- Associated Press - Tuesday, August 2, 2016

TESLIN, Yukon Territory (AP) - Here are a few facts about the Yukon River chinook salmon run:

Length: About 3,000 kilometers from the coast of Alaska, through Yukon into the northeastern tip of British Columbia, the longest chinook migration in the world.

Size: Historically the largest in the world. Up to 150,000 chinook would return to spawning grounds on the Canadian side of the Yukon River. Biologists estimate about 65,000 will do so this year.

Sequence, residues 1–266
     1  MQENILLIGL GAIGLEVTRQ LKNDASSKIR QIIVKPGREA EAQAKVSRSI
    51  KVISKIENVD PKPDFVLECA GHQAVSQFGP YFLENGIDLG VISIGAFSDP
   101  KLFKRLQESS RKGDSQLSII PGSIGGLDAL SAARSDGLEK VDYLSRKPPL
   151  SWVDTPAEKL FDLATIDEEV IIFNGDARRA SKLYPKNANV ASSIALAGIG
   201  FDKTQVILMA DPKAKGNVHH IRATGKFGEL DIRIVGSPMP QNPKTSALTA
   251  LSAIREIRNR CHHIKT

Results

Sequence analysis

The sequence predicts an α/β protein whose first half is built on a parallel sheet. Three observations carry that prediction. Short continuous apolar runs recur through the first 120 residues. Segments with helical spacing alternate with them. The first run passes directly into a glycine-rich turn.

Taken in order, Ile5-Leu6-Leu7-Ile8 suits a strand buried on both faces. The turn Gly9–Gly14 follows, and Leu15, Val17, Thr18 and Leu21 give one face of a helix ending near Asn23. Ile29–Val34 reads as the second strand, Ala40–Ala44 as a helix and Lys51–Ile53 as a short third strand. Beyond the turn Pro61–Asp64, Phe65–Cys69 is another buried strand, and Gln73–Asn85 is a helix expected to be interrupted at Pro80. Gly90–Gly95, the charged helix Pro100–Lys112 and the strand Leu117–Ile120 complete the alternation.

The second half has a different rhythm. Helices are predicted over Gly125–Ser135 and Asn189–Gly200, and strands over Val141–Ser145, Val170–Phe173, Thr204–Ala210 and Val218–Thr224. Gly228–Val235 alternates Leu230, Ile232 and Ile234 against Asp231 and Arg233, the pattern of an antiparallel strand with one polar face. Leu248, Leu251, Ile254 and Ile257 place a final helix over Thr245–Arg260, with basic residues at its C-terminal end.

Decline: Each spawning chinook used to result in four fish returning fish. That’s down to one. Fish which would be seven to eight years old almost entirely missing.

Aboriginal harvest: About 8,000 fish during good times; now restricted to about 1,000. There is no commercial or sport fishery.

Importance: Central to diet and culture of about 60 First Nations in Alaska and Yukon.

Cause of decline: Unclear. Scientists suggest disruptions in sensitive Arctic ecosystem due to climate change one factor.

Signs of hope: This year’s run slightly larger. Alaska scientists suggest number of juveniles in Bering Sea seem to be growing.

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